Recently, antimicrobial peptides (AMPs), also called host defence peptides (HDPs), are attracting great interest, as they are a highly viable alternative in the search of new approaches to the resistance presented by bacteria against antibiotics in infectious diseases. However, due to their nature, they present a series of disadvantages such as low bioavailability, easy degradability by proteases, or low solubility, among others, which limits their use as antimicrobial agents. For all these reasons, the use of vehicles for the delivery of AMPs, such as polymers, nanoparticles, micelles, carbon nanotubes, dendrimers, and other types of systems, allows the use of AMPs as a real alternative to treatment with antibiotics. Full article
(This article belongs to the Special Issue Breakthroughs in Antimicrobial Peptides)
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Biofilms: Novel Strategies Based on Antimicrobial Peptides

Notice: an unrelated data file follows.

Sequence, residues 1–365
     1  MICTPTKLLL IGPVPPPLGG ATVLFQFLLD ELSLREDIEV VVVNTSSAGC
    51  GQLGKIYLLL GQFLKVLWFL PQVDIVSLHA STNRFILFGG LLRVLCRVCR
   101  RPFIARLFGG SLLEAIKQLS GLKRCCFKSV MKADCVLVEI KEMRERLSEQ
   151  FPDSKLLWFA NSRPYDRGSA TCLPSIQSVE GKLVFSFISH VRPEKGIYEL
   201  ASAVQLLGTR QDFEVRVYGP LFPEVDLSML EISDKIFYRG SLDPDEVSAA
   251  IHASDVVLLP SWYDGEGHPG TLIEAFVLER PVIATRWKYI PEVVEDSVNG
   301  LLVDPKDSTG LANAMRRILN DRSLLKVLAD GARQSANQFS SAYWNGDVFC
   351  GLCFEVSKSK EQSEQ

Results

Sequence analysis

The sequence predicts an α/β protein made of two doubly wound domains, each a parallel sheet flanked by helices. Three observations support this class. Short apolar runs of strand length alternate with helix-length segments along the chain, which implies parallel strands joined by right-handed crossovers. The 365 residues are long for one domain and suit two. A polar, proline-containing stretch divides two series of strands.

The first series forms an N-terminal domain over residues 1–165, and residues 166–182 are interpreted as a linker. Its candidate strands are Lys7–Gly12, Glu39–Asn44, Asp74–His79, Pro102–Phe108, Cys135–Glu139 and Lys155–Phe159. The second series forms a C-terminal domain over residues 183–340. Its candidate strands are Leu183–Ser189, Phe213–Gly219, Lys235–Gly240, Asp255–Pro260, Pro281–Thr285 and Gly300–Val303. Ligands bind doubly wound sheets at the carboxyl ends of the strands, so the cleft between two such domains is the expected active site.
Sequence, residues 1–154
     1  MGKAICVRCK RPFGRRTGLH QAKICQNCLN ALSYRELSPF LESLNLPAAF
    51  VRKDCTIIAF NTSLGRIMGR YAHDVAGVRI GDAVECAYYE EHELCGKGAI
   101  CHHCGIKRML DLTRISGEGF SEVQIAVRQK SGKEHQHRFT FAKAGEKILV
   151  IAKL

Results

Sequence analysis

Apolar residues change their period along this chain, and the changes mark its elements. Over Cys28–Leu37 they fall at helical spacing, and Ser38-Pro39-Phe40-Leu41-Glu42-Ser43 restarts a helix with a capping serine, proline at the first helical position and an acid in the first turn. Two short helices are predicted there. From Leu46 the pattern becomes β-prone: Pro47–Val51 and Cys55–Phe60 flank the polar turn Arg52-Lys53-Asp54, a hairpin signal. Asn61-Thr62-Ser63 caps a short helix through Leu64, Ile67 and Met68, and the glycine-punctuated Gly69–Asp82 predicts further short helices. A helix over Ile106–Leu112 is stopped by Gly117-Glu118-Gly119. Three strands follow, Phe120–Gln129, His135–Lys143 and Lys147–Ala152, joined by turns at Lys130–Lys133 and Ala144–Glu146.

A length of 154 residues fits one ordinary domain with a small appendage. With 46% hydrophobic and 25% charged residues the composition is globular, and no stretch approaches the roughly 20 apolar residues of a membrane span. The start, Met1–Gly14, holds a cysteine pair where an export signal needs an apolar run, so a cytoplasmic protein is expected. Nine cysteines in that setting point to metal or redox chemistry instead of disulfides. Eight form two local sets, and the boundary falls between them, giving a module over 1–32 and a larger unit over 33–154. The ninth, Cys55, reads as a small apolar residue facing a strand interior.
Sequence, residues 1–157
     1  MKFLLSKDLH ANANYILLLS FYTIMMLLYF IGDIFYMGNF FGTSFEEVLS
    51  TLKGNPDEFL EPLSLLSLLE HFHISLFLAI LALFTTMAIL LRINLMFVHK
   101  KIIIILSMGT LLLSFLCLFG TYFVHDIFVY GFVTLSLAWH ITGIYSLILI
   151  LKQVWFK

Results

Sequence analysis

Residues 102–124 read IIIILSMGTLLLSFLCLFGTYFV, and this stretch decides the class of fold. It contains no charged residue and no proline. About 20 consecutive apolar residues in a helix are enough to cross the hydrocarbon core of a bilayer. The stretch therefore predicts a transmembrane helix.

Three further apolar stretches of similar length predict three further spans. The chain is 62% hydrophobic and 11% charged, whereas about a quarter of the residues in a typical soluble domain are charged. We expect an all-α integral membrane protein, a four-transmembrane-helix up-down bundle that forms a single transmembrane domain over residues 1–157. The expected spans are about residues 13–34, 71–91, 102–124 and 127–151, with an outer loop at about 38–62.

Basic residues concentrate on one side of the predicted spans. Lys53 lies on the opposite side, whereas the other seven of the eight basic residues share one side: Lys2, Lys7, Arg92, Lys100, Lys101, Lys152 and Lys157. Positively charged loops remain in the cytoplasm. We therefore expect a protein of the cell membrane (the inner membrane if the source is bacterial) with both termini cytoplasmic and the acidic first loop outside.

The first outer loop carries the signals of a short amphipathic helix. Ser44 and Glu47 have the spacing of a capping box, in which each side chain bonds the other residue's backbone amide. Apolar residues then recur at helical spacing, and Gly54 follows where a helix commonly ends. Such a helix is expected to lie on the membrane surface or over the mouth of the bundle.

Pharmaceutics 2019, 11(7), 322; https://doi.org/10.3390/pharmaceutics11070322 - 10 Jul 2019
Cited by 7
Abstract
The problem of drug resistance is very worrying and ever increasing. Resistance is due not only to the reckless use of antibiotics but also to the fact that pathogens are able to adapt to different conditions and develop self-defense mechanisms such as living [...] Read more.
The problem of drug resistance is very worrying and ever increasing. Resistance is due not only to the reckless use of antibiotics but also to the fact that pathogens are able to adapt to different conditions and develop self-defense mechanisms such as living in biofilms; altogether these issues make the search for alternative drugs a real challenge. Antimicrobial peptides appear as promising alternatives but they have disadvantages that do not make them easily applicable in the medical field; thus many researches look for solutions to overcome the disadvantages and ensure that the advantages can be exploited. This review describes the biofilm characteristics and identifies the key features that antimicrobial peptides should have. Recalcitrant bacterial infections caused by the most obstinate bacterial species should be treated with a strategy to combine conventional peptides functionalized with nano-tools. This approach could effectively disrupt high density infections caused by biofilms. Moreover, the importance of using in vivo non mammalian models for biofilm studies is described. In particular, here we analyze the use of amphibians as a model to substitute the rodent model. Full article